P.S: To add some more, in Korea, ear cleaning is one of the most popular themes in ASMR videos. So, I get most views from ear cleaning role play videos to be honest. But, I think I got better responses (by comments) related to tingles from my follower from what I told you above aside from the views and watching time.”
Over the past 3 years I’ve tried and tested many different triggers in my videos. The ones that seem to resonate the most with my viewers, despite not being the highest viewed videos, are my AMSR work/study videos.
These videos simulate being close to another person while they are either working or studying in a library. These particular videos offer all of the sounds you’d hear if you were working alongside someone else as well as a feeling of not being alone but without any of the distractions of them talking to you. I find that most of my viewers like to put these types of videos on in the background when they are studying or writing an essay as it helps them to concentrate.”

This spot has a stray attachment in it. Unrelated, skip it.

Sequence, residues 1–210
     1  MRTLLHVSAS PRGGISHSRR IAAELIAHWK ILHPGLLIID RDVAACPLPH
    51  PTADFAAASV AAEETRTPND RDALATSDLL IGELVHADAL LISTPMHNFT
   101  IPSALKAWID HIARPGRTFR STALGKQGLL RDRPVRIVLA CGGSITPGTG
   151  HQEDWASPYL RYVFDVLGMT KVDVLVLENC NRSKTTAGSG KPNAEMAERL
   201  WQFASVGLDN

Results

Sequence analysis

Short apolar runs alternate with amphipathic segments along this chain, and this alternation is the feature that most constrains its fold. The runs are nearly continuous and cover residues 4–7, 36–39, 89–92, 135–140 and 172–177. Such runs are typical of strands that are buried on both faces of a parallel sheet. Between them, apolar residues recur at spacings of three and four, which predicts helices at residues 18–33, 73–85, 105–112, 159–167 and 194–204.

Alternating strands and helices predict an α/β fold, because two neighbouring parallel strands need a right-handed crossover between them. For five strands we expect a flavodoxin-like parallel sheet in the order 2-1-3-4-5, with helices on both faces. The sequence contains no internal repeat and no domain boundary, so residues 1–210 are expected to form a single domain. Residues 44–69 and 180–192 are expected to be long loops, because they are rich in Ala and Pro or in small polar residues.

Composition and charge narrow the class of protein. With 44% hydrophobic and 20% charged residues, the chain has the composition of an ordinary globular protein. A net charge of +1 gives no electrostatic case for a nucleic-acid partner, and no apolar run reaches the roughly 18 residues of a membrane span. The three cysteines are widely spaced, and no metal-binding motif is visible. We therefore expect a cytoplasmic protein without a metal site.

Psychological ASMR Techniques: Setting off sparks in your mind
Your childhood experiences may influence your preference in ASMR triggers. That’s because ASMR is set off by psychological factors too: the feeling of intimacy, closeness, comfort, and connection. Many artists report that a nurturing, genuine atmosphere triggers ASMR.
Everyone has their own unique ASMR triggers based on the stimuli from the experiences in their life. What can be one person’s favorite sound or trigger can be someone else’s least favorite sound in the world.
But what I’ve noticed is that the majority of people enjoy up close soft speaking or up close whispering the most. It gives you a sense of closeness and connection with the video creator. That psychological sensation is the most common trigger for ASMR.”